While making desperate attempts to create stability for the family unit, the hero begins to struggle to live up to their individual goals. Oftentimes, these individuals suffer from high levels of anxiety and stress. Similar to the caretaker role, the hero’s actions often enable the addict instead of helping them.
Role #4: The Scapegoat
Opposite of the hero, the scapegoat is typically a “problem child” who acts out in defiance and anger when dealing with the effects of their loved one’s substance abuse. Whether this individual acts out in violence, promiscuity, or general unwanted behaviors, they often distract the family from the addict and end up taking all of the blame. As a result, all of the time and attention is focused on the scapegoat, leaving the addicted individual’s behavior unchecked.
Role #5: The Mascot
The mascot is comparable to a class clown, in a sense. In other words, the mascot attempts to use humor to relieve tense or stressful situations related to their loved one’s addiction. This role is typically assumed by the youngest child and revolves around attempting to make others laugh to mask their pain and their family’s pain in relation to substance abuse. While laughter is always difficult during stressful times, this individual takes their humor even further by using it to avoid feelings, confrontation, and anxiety.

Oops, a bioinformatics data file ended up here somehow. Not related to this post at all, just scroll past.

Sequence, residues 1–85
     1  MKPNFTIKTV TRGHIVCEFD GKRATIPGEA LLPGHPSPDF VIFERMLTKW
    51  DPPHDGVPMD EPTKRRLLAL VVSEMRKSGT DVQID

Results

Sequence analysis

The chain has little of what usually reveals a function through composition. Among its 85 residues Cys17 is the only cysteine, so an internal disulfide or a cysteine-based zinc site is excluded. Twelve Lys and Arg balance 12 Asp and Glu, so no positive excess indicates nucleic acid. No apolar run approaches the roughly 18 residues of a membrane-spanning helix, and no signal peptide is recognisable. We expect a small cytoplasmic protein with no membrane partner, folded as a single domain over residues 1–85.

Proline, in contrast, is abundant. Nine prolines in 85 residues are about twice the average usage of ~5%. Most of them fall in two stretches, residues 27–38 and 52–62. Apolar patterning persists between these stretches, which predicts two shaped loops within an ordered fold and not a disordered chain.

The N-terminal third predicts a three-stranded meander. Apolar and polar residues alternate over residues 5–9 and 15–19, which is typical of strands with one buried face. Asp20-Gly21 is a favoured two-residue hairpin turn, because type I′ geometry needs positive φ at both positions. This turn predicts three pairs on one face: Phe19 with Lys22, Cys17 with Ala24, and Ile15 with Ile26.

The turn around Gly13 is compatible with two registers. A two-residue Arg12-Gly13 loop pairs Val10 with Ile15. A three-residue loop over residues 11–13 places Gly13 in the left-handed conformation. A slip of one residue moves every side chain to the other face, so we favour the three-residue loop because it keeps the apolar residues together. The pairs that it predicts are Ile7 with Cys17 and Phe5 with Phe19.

However, humor will not work to mask the effects of addiction in a household forever. Once humor ceases to work, the mascot will begin to struggle to cope with the effects of addiction in the household. Unfortunately, this may lead the mascot to attempt to soothe uncomfortable feelings by turning to drugs or alcohol themselves – further exacerbating the cycle of addiction among the family.
Role #6: The Lost Child
The lost child is a role assumed by an individual in the household who feels left out or abandoned because of everyone’s attention being placed on the addicted individual. This person is usually quiet, shy, and introverted, causing the family to feel as if they do not require much attention. As more and more attention is diverted from the “lost child”, this individual becomes consumed with the chaos in the household.
Because of this chaos, the lost child may struggle to make decisions, have a hard time developing meaningful relationships, and isolate themselves from their family. Unfortunately, these individuals may also begin to self-medicate or experience mental illness as they age. This is typically due to their underdeveloped coping mechanisms that resulted from growing up in an addicted household.
Healing Family Roles and Recovering from Addiction
Whether you’re looking to stage an intervention for your loved one or participate in family addiction therapy, our treatment experts are here to help. Our drug and alcohol rehab is dedicated to helping people heal from addiction as well as providing resources to family members who have been affected. If you have a family member struggling from addiction, contact Carolina Recovery Center today.
Medically Reviewed: October 27, 2020
All of the information on this page has been reviewed and verified by a certified addiction professional.